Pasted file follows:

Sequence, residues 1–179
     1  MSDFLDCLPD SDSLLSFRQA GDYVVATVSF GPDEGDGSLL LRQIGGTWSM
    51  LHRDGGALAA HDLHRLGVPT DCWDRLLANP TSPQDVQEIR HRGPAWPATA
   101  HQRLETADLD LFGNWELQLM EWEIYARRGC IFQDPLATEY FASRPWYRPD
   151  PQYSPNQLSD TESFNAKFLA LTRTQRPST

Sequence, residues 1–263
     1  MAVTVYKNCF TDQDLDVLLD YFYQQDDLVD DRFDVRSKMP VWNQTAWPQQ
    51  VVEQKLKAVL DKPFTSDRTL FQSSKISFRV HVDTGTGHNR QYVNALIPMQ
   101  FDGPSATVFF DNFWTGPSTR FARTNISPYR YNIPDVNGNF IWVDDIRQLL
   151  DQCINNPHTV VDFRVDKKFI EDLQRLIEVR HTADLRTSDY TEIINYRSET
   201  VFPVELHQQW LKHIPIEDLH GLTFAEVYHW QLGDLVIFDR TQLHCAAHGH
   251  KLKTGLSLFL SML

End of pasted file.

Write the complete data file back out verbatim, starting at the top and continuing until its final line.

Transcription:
Sequence, residues 1–179
     1  MSDFLDCLPD SDSLLSFRQA GDYVVATVSF GPDEGDGSLL LRQIGGTWSM
    51  LHRDGGALAA HDLHRLGVPT DCWDRLLANP TSPQDVQEIR HRGPAWPATA
   101  HQRLETADLD LFGNWELQLM EWEIYARRGC IFQDPLATEY FASRPWYRPD
   151  PQYSPNQLSD TESFNAKFLA LTRTQRPST

Sequence, residues 1–263
     1  MAVTVYKNCF TDQDLDVLLD YFYQQDDLVD DRFDVRSKMP VWNQTAWPQQ
    51  VVEQKLKAVL DKPFTSDRTL FQSSKISFRV HVDTGTGHNR QYVNALIPMQ
   101  FDGPSATVFF DNFWTGPSTR FARTNISPYR YNIPDVNGNF IWVDDIRQLL
   151  DQCINNPHTV VDFRVDKKFI EDLQRLIEVR HTADLRTSDY TEIINYRSET
   201  VFPVELHQQW LKHIPIEDLH GLTFAEVYHW QLGDLVIFDR TQLHCAAHGH
   251  KLKTGLSLFL SML